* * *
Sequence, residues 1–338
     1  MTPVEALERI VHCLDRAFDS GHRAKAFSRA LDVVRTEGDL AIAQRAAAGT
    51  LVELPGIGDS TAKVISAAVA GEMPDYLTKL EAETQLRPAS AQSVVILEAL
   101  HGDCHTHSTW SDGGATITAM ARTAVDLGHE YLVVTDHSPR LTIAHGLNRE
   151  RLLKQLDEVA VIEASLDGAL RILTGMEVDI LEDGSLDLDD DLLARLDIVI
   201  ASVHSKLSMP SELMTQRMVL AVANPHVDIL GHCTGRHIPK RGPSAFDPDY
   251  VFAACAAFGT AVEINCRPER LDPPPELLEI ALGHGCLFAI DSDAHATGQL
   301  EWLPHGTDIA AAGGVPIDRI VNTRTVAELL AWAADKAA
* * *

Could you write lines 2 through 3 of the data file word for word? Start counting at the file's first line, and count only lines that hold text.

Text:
     1  MTPVEALERI VHCLDRAFDS GHRAKAFSRA LDVVRTEGDL AIAQRAAAGT
    51  LVELPGIGDS TAKVISAAVA GEMPDYLTKL EAETQLRPAS AQSVVILEAL